Monthly Archives: March 2018

Summer Fruits and Their Benefits

Summer has arrived. It is the season of shorts, sunscreen, hit the beach, filling the coolers and many other things. But summer also brings with itself excessive heat and chances of dehydration. In this season you need to eat food that helps prevents above mentioned conditions from occurring. Here are a few summer fruits and their benefits.

Watermelon – Ripped only in summer, this big red ball of health is filled with water and taste. The amount of water present in this fruit helps you in being hydrated and keeps your body cool. Watermelon also acts as in defense and protects your skin from sunburn. You won’t get food cravings after its consumption, it keeps your tummy feels filled. It is also good for people with high blood pressure, but in a limit. This one ought to be consumed almost every day in summer.

Oranges – Oranges are sweetest, juiciest summer fruit full of nutrients. Orange is low in calories and keeps your blood pressure in check. Orange is also a source of Vitamin C which is the most required vitamin in your body after an age. Vitamin C is also an antioxidant that is also useful in skin damage caused by sun rays. Not only oranges, but their peel also performs wonders on your skin. It lightens your skin tone and erases all the scars and shades.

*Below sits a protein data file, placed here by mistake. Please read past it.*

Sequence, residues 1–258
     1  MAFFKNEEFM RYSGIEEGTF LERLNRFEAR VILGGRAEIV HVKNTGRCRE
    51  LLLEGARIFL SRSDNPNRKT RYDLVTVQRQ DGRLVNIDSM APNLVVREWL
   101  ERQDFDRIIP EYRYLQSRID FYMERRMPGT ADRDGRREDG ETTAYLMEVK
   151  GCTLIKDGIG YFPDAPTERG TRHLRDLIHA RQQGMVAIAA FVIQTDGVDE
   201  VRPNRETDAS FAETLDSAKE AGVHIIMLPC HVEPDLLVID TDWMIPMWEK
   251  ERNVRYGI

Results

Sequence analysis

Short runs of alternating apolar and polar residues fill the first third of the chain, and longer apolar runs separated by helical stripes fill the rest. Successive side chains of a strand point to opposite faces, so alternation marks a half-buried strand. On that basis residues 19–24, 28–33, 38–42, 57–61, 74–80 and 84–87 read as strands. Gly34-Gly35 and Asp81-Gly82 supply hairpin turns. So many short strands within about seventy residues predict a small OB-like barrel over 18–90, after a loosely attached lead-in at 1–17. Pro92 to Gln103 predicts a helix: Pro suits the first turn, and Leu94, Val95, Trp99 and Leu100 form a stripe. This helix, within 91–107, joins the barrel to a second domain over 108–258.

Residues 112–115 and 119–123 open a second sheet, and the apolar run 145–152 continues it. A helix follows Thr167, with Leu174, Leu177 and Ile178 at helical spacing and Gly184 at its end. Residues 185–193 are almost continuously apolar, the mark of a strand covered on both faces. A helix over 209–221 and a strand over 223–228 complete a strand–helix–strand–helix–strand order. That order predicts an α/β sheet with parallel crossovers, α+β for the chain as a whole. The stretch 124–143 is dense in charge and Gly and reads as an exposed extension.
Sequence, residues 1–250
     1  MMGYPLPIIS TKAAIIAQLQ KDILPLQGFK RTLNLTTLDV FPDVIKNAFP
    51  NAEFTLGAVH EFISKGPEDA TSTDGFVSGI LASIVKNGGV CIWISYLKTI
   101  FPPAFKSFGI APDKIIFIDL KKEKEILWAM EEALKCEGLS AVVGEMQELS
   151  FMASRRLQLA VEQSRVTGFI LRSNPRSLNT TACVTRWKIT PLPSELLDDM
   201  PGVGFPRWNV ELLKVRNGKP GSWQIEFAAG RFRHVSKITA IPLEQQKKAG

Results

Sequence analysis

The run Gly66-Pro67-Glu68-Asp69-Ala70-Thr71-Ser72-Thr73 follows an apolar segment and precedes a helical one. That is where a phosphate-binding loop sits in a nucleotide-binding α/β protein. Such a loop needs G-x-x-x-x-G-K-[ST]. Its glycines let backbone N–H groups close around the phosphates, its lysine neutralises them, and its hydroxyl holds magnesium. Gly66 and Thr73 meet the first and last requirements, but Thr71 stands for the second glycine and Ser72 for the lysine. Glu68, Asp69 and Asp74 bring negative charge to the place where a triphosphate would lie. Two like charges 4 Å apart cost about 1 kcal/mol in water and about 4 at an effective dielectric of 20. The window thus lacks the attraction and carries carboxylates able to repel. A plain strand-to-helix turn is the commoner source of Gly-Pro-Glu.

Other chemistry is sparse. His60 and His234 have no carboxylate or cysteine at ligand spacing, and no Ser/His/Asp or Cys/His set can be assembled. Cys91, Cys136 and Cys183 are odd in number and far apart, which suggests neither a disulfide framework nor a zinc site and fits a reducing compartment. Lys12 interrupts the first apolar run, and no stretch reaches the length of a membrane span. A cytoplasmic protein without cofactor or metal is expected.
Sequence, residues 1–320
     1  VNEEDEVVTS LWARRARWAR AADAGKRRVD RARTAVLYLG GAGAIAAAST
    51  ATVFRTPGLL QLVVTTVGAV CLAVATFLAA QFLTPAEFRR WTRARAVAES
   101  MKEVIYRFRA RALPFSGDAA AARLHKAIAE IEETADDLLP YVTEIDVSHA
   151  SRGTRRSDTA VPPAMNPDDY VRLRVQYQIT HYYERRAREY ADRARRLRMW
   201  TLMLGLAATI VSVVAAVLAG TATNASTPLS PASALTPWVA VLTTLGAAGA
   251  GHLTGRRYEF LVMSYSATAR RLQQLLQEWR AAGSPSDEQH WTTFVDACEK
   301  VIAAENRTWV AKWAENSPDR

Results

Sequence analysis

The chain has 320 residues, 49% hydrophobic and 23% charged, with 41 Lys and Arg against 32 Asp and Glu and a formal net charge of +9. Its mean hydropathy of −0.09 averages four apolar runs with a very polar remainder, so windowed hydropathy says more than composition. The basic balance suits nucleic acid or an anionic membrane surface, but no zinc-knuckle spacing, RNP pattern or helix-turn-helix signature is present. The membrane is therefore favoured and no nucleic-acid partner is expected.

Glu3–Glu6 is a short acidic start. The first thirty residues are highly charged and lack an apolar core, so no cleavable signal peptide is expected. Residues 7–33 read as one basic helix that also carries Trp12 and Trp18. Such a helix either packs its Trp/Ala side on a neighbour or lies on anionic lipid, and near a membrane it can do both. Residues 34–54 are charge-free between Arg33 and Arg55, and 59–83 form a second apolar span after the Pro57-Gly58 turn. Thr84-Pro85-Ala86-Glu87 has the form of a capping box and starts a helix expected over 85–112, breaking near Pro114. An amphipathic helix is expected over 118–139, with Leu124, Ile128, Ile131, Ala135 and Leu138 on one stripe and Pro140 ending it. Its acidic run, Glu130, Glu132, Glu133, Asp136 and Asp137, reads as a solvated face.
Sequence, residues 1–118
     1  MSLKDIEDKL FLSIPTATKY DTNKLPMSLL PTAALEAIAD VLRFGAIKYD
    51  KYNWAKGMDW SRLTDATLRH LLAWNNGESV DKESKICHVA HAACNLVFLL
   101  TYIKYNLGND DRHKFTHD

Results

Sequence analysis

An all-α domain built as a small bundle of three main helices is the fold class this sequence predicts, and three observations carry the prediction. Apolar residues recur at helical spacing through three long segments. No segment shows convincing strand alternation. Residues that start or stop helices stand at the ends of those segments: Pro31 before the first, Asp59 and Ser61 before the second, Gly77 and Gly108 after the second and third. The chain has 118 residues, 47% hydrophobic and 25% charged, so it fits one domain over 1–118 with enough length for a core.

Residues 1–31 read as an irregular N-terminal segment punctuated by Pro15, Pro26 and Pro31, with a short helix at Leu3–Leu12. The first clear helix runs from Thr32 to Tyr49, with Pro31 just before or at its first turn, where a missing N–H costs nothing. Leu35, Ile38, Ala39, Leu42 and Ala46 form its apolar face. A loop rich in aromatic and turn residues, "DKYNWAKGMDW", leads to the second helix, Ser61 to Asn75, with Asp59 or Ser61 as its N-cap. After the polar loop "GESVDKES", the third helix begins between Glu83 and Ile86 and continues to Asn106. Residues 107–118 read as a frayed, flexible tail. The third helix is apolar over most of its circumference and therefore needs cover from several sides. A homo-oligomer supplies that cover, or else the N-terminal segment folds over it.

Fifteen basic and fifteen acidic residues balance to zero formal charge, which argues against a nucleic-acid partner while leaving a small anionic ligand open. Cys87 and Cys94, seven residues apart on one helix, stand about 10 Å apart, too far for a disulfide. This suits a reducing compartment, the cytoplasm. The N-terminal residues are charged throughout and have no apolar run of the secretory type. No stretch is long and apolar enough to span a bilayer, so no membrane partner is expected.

Mango – Mango is called the king of fruits. There are many reasons for calling it so and one of them is the long list of its benefits. It is proven by research that mango prevents cancer. Mango, when mixed with milk, becomes a source of strength. Mango shake increases immunity and gives you the strength to perform better. Vitamin A present in mango helps with good eyesight and stops night blindness. Mangoes have enzymes that break down protein and improves digestion. Like oranges, mango is also beneficial for skin. Those skin pores you can’t get rid of, mango removes them.

Litchi – Litchi though arrives a little late in summer but is worth the wait. The taste and sweetness of litchi are exquisite, plus it is also a source of nutrients. Apart from the taste, litchi also excels in health factor. It is filled with Vitamin B & Vitamin C and minerals like magnesium and potassium. It is also proven to be helpful in asthma. The antioxidants present in Litchi have cancer-fighting abilities. The minerals help in proper blood circulation throughout the entire body. It prevents signs of aging and promotes hair growth as well.

Peaches – Peaches are also high in Vitamin C. The fiber present in peaches fills you up without increasing weight. Peaches also cure metabolic syndrome. It also lowers the risk of cancer. It is a mixture of all the nutrients – protein, carbohydrate, calcium, fiber, iron, magnesium, sugar and rich in various vitamins – A, C, E, and K. Though you should try to consume peaches that are canned in water and not the one canned in syrup. Peaches with syrup are not so healthy and can increase your sugar level.

Nutty for Peanuts

Whether you are a chunky or creamy fan, peanut butter and its many forms comprise one of America’s favorite foods. Are you a brand loyalist, be it Skippy, Jif, Peter Pan, Smucker’s, or an organic-only consumer? On average, Americans eat more than six pounds of peanut products each year, worth more than $2 billion at the retail level. Peanut butter accounts for about half of the U.S. edible use of peanuts-accounting for $850 million in retail sales each year.